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  1. #1
    Senior Member
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    Quick Poll - Bicycle Theft Recovery System

    Hey everyone,

    I am working on a technology that would aid in theft recovery of stolen bikes. It would function in a similar way to LoJack for cars in that it uses a hidden transponder and radio frequencies to pinpoint the location of a stolen bicycle. I am doing some basic market research and if you could answer these questions it would help me out a lot (this is part of my college capstone project).

    - Have you ever had a bicycle stolen? (if so, what was the financial loss?)
    - How many bicycles do you own and what do you estimate their worth to be?
    - Would you purchase a theft recovery system for your bicycle(s)?
    - If yes, what would you be willing to pay for the system assuming a recovery rate >90%
    - Where do you live?

    Thanks!
    Downhill - Giant Faith
    Hardtail - Norco Sasquatch
    Road - Giant TCR2
    BMX - S&M Dirtbike Classic

  2. #2
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    1. I have had a bike stolen from me in the past. It was worth approximately $600.00
    2. At this point I do not own a bike. This is one of the reasons I joined the forum...education, knowledge.
    3. Yes I would purchase a bile recovery system. The city I live in has a bike registration program, but I am not certain how well it works.
    4. I am not certain how much I would pay for it. It would have to be an amount that is low enough to entice someone who does not purchase a bike that is $2,000.00+. But also not so low that people would perceive it to be a poor performing product.
    5. I live in next to Newark, NJ. Where currently filming for the show Jacked on A&E is being done. It's about a special task force devoted to just recovering and catching stolen cars. So you can see this maybe a product that would work well here in this part of the country.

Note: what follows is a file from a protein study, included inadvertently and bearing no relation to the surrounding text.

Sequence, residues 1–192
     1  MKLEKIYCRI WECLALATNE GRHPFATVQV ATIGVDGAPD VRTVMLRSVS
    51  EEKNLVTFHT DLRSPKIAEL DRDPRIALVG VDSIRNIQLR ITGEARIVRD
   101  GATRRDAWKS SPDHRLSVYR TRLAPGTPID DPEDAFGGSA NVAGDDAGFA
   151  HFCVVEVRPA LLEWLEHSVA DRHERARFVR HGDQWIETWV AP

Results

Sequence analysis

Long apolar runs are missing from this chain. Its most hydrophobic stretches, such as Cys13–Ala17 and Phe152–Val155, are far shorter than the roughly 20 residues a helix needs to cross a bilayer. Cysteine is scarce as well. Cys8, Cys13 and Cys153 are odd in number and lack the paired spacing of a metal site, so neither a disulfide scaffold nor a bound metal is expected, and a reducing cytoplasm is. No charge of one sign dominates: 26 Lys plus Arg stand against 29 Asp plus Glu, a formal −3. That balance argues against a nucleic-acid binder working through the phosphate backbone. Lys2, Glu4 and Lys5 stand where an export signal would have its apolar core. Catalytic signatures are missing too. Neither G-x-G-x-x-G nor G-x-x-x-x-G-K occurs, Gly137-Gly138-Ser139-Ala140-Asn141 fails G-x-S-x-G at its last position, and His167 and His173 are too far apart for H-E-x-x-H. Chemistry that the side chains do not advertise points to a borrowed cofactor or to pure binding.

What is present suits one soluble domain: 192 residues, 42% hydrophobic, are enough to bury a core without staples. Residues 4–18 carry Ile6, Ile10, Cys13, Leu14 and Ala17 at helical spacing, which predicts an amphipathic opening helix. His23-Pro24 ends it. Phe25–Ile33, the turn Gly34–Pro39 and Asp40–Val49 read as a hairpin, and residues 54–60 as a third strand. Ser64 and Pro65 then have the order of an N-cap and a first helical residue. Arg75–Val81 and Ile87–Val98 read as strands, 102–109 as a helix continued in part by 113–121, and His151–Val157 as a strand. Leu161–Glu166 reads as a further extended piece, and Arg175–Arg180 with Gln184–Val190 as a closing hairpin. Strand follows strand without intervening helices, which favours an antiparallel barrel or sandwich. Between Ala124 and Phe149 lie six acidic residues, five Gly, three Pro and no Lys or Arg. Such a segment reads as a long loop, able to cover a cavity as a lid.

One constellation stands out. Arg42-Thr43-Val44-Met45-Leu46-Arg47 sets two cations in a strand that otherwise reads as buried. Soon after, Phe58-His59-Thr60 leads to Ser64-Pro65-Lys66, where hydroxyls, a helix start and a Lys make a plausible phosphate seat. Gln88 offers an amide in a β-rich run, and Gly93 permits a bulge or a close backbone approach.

3. #3
    Senior Member
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    #1 - I had a bike stolen from me once when I was a teenager, I loved the bike would have done anything to get it back.
    #2 - I own three bikes, not sure what they are worth because I am constantly modifying them.
    #3 - Most of my rides fall into the category of club rides, errands, or brevets, I would NOT buy a recovery system for these type of rides. If I had to commute everyday to work, and the bike was my main source of transportation, I would consider one. Likewise for cross country touring where I would be traveling into unfamiliar areas and the loss of the bike would be disastrous.
    #4 - If that recovery rate is possible, I would consider paying for it. However I would pass on the system if I had to sign some kind of multi-month/annual service agreement to get it.

  4. #4
    Senior Member coldfeet's Avatar
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    - Have you ever had a bicycle stolen? (if so, what was the financial loss?)

    Yes, about $300

    - How many bicycles do you own and what do you estimate their worth to be?

    3 err 4, No make that 5 ( Some in pieces) Not relevant for your purposes, the only one I would be concerned about protecting would be my commuter / around town bike which isn't that valuable but I plan to invest $3-4000 over the next couple of years.